to wear one of his nice suits, although perhaps he wanted to wear something less
Myposian and more American for the occasion.
- Notice in the publicity shot at the top of this
page that Larry's feet are not purple!!
The episode begins with stock footage of a
commercial plane taking off. We then see the plane flying through the sky with
the sun behind it in the clouds. Next we see an ariel shot of some Greek ruins.
Then we see a small plane flying through the sky, and later it makes a very
rough landing in a wooded area. Next we see a rugged-style Greek boat with men
rowing it. And finally a small rowboat makes its way through some very rough
seas as a man bails frantically to stay afloat. At last we see an aerial
establishing shot of an island with the caption "Mypos." The camera
pans up a steep cliffside to show a series of mud huts high above the shore.
the village, a woman with a girl and boy beside her lead a flock of sheep
through an archway. In the village square, another group of sheep led by an
older man run past Balki, who is standing beside a hot dog cart.
While everyone else in the square is
wearing traditional Myposian clothing, Balki is wear jeans and a Chicago Cubs
t-shirt. Signs on the cart read "Baakia," "Hot Doggie" and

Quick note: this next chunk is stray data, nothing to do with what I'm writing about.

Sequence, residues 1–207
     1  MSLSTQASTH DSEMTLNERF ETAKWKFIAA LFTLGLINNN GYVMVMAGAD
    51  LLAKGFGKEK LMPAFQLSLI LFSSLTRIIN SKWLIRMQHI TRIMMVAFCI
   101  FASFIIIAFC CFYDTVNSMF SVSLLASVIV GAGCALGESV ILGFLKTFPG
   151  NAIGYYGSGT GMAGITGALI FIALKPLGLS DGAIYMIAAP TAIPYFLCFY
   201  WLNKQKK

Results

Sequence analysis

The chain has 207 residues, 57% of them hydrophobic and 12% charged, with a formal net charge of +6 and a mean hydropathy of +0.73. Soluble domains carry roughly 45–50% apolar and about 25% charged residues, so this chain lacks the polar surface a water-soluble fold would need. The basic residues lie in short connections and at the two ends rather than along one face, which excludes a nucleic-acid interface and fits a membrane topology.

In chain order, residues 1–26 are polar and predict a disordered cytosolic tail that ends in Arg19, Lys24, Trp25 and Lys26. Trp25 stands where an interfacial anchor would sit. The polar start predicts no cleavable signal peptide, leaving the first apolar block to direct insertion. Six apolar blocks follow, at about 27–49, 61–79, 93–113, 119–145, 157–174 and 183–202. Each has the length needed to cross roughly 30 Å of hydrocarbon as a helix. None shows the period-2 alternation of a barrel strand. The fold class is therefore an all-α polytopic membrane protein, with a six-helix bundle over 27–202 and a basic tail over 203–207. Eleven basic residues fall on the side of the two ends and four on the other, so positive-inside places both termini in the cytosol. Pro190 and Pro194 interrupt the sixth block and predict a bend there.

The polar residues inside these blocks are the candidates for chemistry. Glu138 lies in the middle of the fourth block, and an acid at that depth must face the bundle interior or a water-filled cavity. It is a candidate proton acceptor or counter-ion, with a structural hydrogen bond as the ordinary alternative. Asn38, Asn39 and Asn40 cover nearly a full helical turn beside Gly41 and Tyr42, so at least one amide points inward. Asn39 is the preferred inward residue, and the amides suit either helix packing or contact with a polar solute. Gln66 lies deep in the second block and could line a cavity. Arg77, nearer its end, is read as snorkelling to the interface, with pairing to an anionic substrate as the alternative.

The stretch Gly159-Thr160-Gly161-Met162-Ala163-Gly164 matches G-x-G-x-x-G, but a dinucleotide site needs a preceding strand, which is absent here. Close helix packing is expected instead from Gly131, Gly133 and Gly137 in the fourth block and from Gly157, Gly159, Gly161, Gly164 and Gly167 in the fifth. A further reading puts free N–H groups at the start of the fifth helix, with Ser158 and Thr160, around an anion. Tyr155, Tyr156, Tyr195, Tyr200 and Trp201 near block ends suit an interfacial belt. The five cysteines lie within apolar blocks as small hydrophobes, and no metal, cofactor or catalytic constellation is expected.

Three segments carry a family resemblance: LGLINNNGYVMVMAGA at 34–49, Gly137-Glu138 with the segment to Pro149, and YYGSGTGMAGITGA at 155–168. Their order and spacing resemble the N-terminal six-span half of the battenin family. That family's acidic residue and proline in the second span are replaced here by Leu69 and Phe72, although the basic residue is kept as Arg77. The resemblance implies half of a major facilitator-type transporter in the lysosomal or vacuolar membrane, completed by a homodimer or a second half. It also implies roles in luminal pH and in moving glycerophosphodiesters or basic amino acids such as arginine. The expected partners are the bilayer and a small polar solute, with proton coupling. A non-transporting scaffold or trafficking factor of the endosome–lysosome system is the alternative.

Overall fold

"Amerikaniko Avoevtiki." Larry enters the village square, carrying his
jacket and suitcase and looking travel-worn. A man approaches him and offers him
some pig snout on a stick. Larry politely declines. As Larry passes
has his back to him, he stops and looks down at his shoe, stopping to shake off
whatever he has just stepped in. Larry continues to walk by Balki, looking
around. "Hot doggies! Get them while theyíre hot!" Balki calls out,
"Hot doggies!" Larry sees Balki and walks over to stand next to him.
"Hello, Balki," Larry smiles. "Hi," Balki smiles, then he
starts to call again, "Hot . . . . " He stops and looks back at Larry
in disbelief as Larry sets down his suitcase. "Cousin Larry! Cousin Larry!
What are you doing here? I canít believe itís you! I . . . I must be
Balki starts to pinch Larry with his tongs
as Larry cries, "Ow! Ow! Ow! Ow! Ow! Youíre not dreaming!
me!" Larry takes the tongs from Balki and pinches Balkiís nose with them,
causing Balki to cry, "AH! It is you! Oh, Cousin!"
Larry happily and gasps, "Cousin, I . . . I . . . I mean, itís . . . itís
unbelievable! I . . . what are you doing here?" "Balki, I came to try
one more time to talk Mama into letting you come back to America," Larry
explains. "Oh, Cousin," Balki sighs as he shakes his head, "Youíre
barking up a dead horse." "Balki, just let me talk to her," Larry
says. "Well, Cousin, thatís a big no-can-do," Balki says, "Sheís
on the other side of the island." "Well, letís go get her,"
Larry suggests. "Well, Cousin, we canít," Balki continues, "Her
womanís group is having a consciousness-raising seminar and chili cook-off.
These things can be really intense. Sheíll be back in a week . . . more in
touch with herself and reeking of onions." "No problem, Iíll
wait," Larry states, "I took two weeks vacation." "Cousin," Balki smiles, then he reaches to pull a stool and a small